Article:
Today, C and I had a presentation before our employees’ association to request for support for our lactation program proposal. C was supposed to present during the last council meeting (in May). However, she had another seminar to attend to abroad. In the May meeting, a proposal for a breastfeeding station was brought up. However, there were no concrete plans made. Instead, it was proposed that the nursing moms be directed to the employees’ association room to express their milk.
For today’s meeting, C and I came prepared. C had a 30-slide presentation which was very well-researched and included the demographics of our office (female employees, those in the child-bearing age, pregnancy data for 2007-08). There was also data on government initiatives, enacted and pending laws/bills focused on breastfeeding, infant/child nutrition. C and I also presented the benefits of breastfeeding and how having a lactation program at work would benefit not only the mom-employees but the entire institution as well.
I initially thought that it would be difficult explaining the necessity of the lactation program since most of the representatives were male or females (who were no longer of child-bearing age). I was pleasantly surprised that our presentation was well-received. I think it really helped that C researched and put in a lot of data. They were impressed with the data-gathering and generally agreed that they learned a lot from the presentation.
The most important concern that C and I raised was the establishment of a lactation program policy to ensure that nursing moms would be permitted by their bosses to express milk. C and I were lucky that our bosses were supportive and we could express our milk on schedule (except under exceptional circumstances). However, some employees’ bosses did not give them time to express in view of the workload. C and I emphasized that having an established policy would oblige these bosses to provide lactation breaks to their nursing subordinates.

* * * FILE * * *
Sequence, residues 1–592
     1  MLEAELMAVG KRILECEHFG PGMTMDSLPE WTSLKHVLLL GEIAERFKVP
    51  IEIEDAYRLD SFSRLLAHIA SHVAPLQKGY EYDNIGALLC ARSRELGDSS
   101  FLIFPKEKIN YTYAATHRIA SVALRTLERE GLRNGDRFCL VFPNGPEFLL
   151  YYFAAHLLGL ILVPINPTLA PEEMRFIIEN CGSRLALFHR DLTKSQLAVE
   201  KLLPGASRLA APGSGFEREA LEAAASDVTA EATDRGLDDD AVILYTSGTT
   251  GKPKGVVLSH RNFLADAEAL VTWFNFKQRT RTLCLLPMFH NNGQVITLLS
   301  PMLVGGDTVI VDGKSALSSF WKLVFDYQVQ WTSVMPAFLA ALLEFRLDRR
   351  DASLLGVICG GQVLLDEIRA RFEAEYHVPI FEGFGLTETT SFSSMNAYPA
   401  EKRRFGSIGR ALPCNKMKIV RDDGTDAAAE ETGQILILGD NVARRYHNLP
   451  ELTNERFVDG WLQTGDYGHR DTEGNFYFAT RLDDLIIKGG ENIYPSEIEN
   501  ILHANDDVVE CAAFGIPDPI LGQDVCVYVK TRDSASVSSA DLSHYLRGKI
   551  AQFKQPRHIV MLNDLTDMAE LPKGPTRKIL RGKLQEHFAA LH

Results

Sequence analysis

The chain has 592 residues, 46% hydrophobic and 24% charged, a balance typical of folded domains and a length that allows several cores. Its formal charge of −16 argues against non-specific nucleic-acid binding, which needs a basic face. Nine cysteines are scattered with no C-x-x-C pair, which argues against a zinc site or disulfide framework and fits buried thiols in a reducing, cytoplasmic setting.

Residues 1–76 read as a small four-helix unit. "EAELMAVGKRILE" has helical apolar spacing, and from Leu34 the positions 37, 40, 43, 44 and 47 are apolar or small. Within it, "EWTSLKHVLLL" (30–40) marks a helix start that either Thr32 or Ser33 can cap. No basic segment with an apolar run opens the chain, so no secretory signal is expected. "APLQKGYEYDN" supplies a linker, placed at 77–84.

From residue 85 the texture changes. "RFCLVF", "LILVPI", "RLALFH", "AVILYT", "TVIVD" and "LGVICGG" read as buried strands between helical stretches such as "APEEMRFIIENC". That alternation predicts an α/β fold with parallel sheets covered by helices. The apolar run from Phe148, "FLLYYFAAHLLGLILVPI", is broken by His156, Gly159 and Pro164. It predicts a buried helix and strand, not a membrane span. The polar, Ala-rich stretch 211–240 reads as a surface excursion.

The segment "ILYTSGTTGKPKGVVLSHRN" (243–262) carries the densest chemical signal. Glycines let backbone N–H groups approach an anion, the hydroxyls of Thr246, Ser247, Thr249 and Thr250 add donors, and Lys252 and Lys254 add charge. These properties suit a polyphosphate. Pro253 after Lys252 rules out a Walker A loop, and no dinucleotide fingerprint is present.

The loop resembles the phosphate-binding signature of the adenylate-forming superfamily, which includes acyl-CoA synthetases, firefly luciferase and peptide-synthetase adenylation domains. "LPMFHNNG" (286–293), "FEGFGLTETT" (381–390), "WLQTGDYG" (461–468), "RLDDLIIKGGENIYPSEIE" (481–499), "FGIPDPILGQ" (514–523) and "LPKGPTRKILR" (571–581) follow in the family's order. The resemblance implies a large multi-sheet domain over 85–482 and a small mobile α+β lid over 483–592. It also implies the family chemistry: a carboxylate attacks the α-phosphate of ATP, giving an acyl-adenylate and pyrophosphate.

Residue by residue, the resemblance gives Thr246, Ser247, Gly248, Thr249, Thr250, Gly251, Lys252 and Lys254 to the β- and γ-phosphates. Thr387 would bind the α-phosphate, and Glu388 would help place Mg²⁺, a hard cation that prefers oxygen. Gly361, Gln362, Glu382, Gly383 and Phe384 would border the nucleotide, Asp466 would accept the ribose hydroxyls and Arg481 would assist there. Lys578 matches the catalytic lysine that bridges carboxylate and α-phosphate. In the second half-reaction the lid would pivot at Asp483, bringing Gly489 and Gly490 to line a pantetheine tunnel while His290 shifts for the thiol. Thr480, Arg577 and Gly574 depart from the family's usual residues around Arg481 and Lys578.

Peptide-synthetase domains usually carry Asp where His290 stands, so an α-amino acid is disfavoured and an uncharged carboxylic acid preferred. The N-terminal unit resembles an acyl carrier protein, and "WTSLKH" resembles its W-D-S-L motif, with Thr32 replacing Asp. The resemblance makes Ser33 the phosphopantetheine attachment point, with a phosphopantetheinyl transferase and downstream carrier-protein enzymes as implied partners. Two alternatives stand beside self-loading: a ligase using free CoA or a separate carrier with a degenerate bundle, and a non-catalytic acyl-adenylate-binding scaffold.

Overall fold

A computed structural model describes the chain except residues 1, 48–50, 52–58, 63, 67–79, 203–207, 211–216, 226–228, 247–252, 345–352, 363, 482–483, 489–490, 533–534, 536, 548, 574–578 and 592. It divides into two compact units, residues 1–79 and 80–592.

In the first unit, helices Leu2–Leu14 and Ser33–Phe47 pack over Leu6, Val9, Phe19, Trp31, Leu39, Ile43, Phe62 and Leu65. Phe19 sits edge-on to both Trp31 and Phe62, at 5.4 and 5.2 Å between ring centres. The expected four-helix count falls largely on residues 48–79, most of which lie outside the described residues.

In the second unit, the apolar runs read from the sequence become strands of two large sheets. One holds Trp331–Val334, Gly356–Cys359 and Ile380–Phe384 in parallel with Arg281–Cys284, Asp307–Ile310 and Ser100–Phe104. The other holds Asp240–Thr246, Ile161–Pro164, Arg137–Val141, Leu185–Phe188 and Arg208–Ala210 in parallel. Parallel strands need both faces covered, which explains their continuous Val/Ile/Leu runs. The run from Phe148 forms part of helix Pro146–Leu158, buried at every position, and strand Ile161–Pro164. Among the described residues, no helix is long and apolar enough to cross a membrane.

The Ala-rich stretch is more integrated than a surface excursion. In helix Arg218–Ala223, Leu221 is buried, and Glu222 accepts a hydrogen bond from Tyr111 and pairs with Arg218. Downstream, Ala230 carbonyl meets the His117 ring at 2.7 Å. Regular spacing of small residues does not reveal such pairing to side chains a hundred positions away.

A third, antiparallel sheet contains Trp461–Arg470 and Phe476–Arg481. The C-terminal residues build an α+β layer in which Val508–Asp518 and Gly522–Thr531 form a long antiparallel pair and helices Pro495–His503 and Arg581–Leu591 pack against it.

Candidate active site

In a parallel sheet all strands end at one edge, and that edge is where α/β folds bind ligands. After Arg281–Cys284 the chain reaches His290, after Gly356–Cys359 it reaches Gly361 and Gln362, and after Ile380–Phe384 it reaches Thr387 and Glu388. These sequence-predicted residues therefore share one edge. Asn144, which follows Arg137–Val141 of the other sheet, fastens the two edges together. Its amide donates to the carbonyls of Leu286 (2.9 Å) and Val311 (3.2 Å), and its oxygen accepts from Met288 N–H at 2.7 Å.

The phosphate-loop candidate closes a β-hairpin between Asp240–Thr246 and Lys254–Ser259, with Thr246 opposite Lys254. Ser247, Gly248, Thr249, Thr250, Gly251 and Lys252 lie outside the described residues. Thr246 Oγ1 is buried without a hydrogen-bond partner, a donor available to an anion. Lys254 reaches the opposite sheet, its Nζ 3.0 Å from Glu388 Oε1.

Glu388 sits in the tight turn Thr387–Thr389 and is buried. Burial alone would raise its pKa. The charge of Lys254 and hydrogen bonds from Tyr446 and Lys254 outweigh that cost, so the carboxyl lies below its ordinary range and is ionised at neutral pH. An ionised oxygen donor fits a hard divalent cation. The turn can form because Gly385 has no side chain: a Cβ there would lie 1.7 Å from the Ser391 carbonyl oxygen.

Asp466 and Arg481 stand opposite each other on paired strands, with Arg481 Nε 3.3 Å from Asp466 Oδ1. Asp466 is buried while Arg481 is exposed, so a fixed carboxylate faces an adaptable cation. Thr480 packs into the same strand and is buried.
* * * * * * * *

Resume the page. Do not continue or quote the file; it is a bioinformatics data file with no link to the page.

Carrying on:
One concern raised was the length of time it took to express milk and the potential inability of the nursing employee to catch up or complete her work. C and I explained that it would also be the duty of the nursing employee to ensure that she uses her time efficiently at work and make sure that she makes up for the time spent pumping.
The representatives expressed their support for our proposal and even proposed to buy a hospital-grade pump. However, C and I emphasized that we needed to take a step-by-step approach in establishing the program. The establishment of a lactation policy must be first, followed by lactation rooms. M, the association’s president, assured us of the association’s support and asked us to prepare a proposal for management. 😀
C and I were very pleased with the result of this meeting. Next step – drafting the proposal. We will be utilizing the toolkit we obtained from the US Department of Health and Human Services’ Health Resources Administration (HRSA) and Breastfeeding Pinay to draft our proposal. C and I believe that it should be the employees’ association who need to sponsor or submit our proposal to management to ensure its successful implementation.